The Sunshine State offers a host of financial and tax benefits.
- Florida residents likely enjoy significantly reduced tax obligations compared to many other states.
- Florida does not impose a personal income tax, an inheritance tax, a gift tax, or an intangible personal property tax.
- The more ties you have to Florida, the more likely your Florida domicile will be respected.
While Florida is commonly known for its year-round sunshine and beautiful sandy beaches, it’s also home to many tax and financial advantages as well. Generally considered a low-tax state, Florida residents likely enjoy significantly reduced tax obligations compared to those of many other states. Florida does not impose a personal income tax, an inheritance tax, a gift tax, or an intangible personal property tax. Florida tax laws are governed under the Florida Constitution and would require a super-majority to evoke change.
No state income tax
The assessment of an individual state income tax is prohibited by the Florida Constitution, so residents are free from state income tax liabilities. However, beware of the “snowbird tax” if you own property in another state as well. States such as New York, for example, consider you a resident for state income tax purposes if you still have a home in the state and you spend approximately 183 days, or the majority of your time, in New York. In addition, you may be subject to a personal income tax in New York for any taxable income derived from or connected with sources in that state, such as rental income from a New York-based property. Other states are becoming more aggressive and are mirroring New York’s tax revenue department.
No state estate taxes
While a Florida estate tax return must be submitted to the state of Florida for estates where a federal estate tax return is required, there is no separate Florida estate tax due. In contrast, many of the Northeastern states have “de-coupled” from the federal estate tax, and still impose a state estate tax on much lower asset values. For example, even though the federal government charges an estate tax on assets valued over the exemption amount of $11,400,000 per person (2019), the state of Massachusetts charges on assets valued over $1,000,000.00. Additionally, Florida does not assess an inheritance tax, which some states impose.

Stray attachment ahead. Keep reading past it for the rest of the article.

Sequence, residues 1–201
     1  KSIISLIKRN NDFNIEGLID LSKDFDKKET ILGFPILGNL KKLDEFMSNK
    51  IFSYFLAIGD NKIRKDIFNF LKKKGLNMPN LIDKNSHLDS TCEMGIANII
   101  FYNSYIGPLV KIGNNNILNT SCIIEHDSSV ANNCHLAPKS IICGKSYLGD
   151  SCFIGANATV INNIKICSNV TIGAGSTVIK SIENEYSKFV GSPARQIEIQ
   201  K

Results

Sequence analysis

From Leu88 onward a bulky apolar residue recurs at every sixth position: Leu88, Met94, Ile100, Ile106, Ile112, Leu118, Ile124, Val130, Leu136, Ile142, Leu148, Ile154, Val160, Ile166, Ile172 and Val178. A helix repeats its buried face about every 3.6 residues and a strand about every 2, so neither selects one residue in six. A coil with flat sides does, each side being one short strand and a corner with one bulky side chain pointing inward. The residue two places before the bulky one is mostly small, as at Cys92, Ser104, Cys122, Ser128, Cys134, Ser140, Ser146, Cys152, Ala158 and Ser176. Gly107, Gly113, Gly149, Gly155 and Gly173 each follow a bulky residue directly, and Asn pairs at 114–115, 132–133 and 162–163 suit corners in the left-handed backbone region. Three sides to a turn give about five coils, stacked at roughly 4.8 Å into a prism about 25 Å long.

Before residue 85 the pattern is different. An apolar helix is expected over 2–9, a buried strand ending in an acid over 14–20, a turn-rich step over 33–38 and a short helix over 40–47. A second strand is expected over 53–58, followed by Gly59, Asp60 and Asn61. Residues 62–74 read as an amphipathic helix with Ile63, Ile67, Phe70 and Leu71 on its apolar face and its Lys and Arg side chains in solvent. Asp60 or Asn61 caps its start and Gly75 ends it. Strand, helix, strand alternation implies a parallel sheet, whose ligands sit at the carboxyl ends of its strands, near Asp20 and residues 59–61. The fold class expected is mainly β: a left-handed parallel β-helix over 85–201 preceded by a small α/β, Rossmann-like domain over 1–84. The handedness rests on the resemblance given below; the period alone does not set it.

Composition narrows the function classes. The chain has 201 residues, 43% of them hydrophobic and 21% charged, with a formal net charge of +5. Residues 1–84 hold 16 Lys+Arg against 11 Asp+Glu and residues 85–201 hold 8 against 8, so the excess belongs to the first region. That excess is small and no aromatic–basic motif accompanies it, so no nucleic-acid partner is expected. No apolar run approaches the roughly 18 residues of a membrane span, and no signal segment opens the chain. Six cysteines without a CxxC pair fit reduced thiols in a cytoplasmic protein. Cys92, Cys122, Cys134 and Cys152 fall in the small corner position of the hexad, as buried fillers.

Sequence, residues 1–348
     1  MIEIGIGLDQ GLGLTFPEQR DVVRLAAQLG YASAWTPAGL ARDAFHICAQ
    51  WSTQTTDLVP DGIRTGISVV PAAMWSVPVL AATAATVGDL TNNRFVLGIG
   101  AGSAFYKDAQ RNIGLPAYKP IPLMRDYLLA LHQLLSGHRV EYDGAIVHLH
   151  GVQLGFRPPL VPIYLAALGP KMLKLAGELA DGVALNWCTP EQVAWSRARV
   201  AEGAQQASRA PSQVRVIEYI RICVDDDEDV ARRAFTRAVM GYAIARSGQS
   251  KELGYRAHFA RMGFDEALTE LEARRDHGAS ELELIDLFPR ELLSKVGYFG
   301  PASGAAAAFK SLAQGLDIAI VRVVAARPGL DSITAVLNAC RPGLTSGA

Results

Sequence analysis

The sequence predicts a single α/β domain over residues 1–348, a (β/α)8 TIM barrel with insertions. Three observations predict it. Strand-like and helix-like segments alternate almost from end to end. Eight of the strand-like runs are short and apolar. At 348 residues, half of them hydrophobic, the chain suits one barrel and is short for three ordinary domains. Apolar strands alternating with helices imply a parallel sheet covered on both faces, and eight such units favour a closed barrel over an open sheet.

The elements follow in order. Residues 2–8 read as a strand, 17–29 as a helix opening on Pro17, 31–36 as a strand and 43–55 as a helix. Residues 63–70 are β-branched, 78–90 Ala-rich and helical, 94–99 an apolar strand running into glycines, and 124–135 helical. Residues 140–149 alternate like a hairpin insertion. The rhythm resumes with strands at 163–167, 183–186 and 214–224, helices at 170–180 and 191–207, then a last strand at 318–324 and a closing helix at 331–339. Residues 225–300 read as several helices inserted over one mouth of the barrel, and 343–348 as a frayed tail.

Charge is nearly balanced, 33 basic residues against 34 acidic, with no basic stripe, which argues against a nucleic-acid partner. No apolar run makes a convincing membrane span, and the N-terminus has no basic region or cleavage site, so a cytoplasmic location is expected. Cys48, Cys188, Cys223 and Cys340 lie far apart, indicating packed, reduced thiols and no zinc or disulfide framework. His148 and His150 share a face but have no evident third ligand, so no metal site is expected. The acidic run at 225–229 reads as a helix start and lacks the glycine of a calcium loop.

Every Florida resident who owns and resides on real property in Florida on January 1 and makes the property his or her permanent residence is eligible to receive a homestead exemption up to $50,000. As an additional benefit, the assessed value of the property for property tax purposes cannot rise more than 3% in any given year. If the property’s market value increases more than its assessed value, you do not pay property tax on that increased equity in the property.
Florida’s Constitution also provides protection for homeowners through its Homestead Law. This law protects Florida residents who own “homestead” property from losing that property to a creditor or any lien holder. Homestead property is defined as real property that an individual owns and lives in and that is considered his or her primary residence. Vacation property and second homes are not considered homestead property. In essence, a Florida resident cannot lose his or her home because of unpaid debts, regardless of the market value of the home.
The only exception to this rule is if the creditor has provided financing for the property in the form of a mortgage, equity line, or other type of home loan; in that case the creditor can foreclose your interests in the home in order to receive payment for the loan.In addition to protecting your home, Florida also offers additional asset protection opportunities for the following: assets held by husband and wife as tenants by the entireties; qualified deferred compensation plans, which include IRAs and 529 college plans; pension and profit sharing plans; life insurance proceeds; and annuities. All of these assets cannot be touched by claims of creditors in Florida, affording residents’ protection from frivolous lawsuits, accidents, and other financial tragedies. Check with your attorney or accountant for other asset protection opportunities.
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